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Council members: Charities should give money from Walmart charity back

A coalition of labor groups and City Council members decried money donated by to local organizations tied to the Walmart chain.

walmart danny dromm new york city hall council A coalition of labor groups and City Council members gathered Wednesday to decry charitable donations tied to Wal-Mart Stores Inc., saying that local organizations should return the money they received.
Credit: Chester Soria/Metro

A coalition of labor groups and City Council members gathered Wednesday to decry charitable donations tied to Wal-Mart Stores Inc., saying that local organizations should return the money they received.

"It is tainted, dangerous money," Bertha Lewis of the Black Institute said in front of City Hall. "Non-profits need funders. But for this — the price is too high."

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Queens City Councilman Danny Dromm called it "blood money."

Dromm accused the Walton Family Foundation of using the donations as an underhanded way to ease Walmart stores into the five boroughs.

"That's not charitable money," he said. "That's really a business investment for them, because they don't do this stuff out of the goodness of their heart. They're doing because they're doing it for the future and how they can come into this city."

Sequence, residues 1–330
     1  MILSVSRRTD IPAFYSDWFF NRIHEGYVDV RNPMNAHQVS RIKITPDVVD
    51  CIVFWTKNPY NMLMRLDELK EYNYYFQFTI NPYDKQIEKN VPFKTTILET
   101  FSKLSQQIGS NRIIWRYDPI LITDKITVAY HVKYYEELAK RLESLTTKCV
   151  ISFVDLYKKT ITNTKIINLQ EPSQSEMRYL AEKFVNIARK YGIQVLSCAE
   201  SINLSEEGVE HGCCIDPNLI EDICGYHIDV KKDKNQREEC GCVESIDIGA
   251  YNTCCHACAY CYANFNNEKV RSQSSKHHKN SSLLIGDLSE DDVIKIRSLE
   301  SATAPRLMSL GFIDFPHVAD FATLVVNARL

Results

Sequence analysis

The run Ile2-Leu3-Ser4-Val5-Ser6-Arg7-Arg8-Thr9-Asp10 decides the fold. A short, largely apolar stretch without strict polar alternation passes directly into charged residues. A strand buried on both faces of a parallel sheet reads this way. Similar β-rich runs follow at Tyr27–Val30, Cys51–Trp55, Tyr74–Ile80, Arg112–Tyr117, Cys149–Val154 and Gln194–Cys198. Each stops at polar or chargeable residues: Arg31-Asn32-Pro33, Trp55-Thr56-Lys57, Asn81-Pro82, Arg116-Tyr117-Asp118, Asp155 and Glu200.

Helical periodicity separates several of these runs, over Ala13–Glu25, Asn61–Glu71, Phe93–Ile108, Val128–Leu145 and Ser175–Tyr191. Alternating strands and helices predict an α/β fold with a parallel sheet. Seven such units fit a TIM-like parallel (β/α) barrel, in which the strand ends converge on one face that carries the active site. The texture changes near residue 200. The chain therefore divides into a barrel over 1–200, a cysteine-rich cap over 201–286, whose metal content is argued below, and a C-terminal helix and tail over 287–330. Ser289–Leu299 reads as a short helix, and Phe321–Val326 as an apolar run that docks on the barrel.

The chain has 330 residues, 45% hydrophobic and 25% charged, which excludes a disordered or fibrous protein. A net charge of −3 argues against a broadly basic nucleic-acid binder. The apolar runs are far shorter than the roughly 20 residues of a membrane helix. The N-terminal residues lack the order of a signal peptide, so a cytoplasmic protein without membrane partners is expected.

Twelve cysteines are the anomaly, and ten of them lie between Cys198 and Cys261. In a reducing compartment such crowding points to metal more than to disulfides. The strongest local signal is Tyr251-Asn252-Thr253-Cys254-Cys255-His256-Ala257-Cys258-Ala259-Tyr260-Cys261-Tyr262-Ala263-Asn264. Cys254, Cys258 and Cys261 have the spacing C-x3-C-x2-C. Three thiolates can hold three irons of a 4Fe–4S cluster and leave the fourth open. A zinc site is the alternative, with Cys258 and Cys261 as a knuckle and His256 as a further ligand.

Dromm read off a letter signed by 27 fellow Council members, in which they accuse Wal-Mart Stores Inc. and the Walton Family Foundation of "running a stealth campaign" counter to "the progressive agenda we support."

"We are all familiar with your efforts nationally to fund anti-worker, anti-immigrant, anti-LGBT and anti-democratic policies and politicians," the letter read.

Many of the speakers, which included Brooklyn Council members Inez Barron and Carlos Menchaca, as well as Stuart Applebaum of the Retail, Wholesale and Department Store Union, also made reference to donations from the Walton Family Foundation in support of the charter school movement.

Marc Sternberg, director of the foundation's education reform program, defended its donations to the city organizations, which inluded a $1 million donation to the Success Academy Charter Schools founded by Eva Moskowitz.

"Our grantees are running some of the best public schools in New York City serving families that for decades did not have access to high-quality schools," Sternberg wrote.

"We're proud of the work they are doing to transform the public education landscape," he added, "and proud to have played a small part in their success."

Another recipient of funds from the foundation, the New York Historical Society, was unaware of the demonstration and protest at City Hall. The group has received $4,185,000 from the foundation since 2009.

A spokesperson was unable to respond to requests for comment or response to the Council members by the time of publication.

Follow Chester Jesus Soria on Twitter@chestersoria

 
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